LONDON Pact Corp. (Munich, Germany), developer of a giant chip that includes 128 proprietary 32-bit processor cores but measures 2 centimeters on a side, will offer a $20,000 simulator for its parallel-processing architecture.
The simulation tool works independently of the number of processor elements on the company's Extreme Processor XPU-128 die, "so you can check how system performance scales," said Eckhardt Bihler, chief executive of startup Pact since February. "It has a graphical interface providing access to the die so you can debug code as it would run on the die." At present that code has to be expressed in Pact's native mapping language (NML).
The XPU-128 processor is intended only as a demonstration vehicle of the parallel-processing architecture, and Pact does not intend to take it into production. The company claims a raw performance of 12.8 billion multiply-accumulate operations per second for the XPU-128 based on a 100-MHz clock frequency.
Although a slight bond-pad problem with the original silicon limited clock frequency to about 50 MHz, Bihler said there was no intention to re-spin the silicon. "This is a proof of the concept. The die is much too large for commercial yielding. It only yields at about 15 percent. But we have die for a few people who want to investigate the architecture and perhaps license it."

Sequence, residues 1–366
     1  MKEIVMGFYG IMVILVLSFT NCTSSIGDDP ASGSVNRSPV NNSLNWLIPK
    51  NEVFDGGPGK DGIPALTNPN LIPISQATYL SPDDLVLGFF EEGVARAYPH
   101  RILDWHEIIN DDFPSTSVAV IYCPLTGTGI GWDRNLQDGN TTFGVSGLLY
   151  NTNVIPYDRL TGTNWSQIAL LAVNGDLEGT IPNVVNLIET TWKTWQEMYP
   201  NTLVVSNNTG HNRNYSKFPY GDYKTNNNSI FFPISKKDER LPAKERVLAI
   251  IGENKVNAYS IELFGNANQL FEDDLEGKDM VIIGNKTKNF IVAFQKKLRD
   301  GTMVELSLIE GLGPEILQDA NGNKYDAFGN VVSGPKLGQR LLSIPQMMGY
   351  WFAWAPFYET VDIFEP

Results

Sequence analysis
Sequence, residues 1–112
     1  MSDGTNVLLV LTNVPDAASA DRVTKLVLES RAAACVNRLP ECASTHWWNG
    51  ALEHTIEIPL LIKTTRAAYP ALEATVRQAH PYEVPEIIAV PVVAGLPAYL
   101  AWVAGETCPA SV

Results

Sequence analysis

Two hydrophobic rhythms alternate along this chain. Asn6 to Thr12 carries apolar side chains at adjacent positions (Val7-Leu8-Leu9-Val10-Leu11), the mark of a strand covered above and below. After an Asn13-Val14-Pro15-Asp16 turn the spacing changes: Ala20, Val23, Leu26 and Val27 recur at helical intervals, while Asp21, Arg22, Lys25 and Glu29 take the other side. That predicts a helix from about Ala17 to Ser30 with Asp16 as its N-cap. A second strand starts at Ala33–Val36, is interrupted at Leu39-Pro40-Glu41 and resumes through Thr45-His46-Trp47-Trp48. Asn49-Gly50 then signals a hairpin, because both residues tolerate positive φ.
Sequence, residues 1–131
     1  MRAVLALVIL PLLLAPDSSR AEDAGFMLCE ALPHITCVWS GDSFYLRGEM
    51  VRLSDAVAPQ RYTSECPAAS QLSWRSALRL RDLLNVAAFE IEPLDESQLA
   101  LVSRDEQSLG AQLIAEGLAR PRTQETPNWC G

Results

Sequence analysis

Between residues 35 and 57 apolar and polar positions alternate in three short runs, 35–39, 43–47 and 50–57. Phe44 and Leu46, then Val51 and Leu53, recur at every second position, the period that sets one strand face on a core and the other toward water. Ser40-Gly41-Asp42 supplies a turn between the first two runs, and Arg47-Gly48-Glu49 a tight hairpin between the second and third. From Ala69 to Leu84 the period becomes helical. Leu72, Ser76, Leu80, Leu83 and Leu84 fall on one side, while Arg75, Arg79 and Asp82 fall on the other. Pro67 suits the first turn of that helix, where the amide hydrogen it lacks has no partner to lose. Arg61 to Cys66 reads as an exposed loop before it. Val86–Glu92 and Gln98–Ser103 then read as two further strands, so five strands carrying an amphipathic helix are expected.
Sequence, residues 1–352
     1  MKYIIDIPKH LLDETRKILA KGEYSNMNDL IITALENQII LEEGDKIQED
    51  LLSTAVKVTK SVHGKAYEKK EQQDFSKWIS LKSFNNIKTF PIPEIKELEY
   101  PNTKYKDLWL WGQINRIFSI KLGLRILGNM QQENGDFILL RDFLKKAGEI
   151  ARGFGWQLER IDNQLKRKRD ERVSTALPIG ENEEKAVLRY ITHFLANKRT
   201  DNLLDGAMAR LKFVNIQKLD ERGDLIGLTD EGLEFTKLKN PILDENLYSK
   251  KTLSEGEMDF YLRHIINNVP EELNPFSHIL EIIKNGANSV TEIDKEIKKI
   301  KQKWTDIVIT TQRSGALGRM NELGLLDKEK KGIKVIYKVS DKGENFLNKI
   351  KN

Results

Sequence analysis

The chip also has a prototype C-language compiler that Bihler said will help it be designed into basestations and other wireless-infrastructure applications.
"We have made major progress on the C compiler and can compile small routines in C down to NML," Bihler said. "The compiler can analyze C code for parallelism and then compile to NML. Other code that can't be parallelized is kept in C and is usually sent to a host processor. That's the way the architecture is generally being deployed; as coprocessing support to a host processor."
Bihler said the company was on target to complete compiler developments within six months and was beginning negotiations to put the compiler into the hands of a third party to sell and support. Bihler said Pact had held talks with ACE Associated Compilers Experts BV, but that no deal had been completed yet. ACE (Amsterdam, Netherlands) is working on applying its retargettable Cosy compiler to the Rubicon multiprocessor architecture from Siroyan Ltd. (Reading, England).
Apparently the $20,000 price tag on what is essentially a sales aid has not been a problem for Pact's early evaluators.
"We're talking to several OEMs who intend to test the architecture," said Bihler. "This is not a lot to pay when you're making a major architectural decision." The wireless-infrastructure business is a primary application area for the XPU architecture and Pact is talking to several prominent companies in that area, he said.
Pact is also talking to a few semiconductor device vendors, but getting acceptance from one or more OEMs is an essential part of Pact's strategy for licensing XPU technology to the chip makers, Bihler said.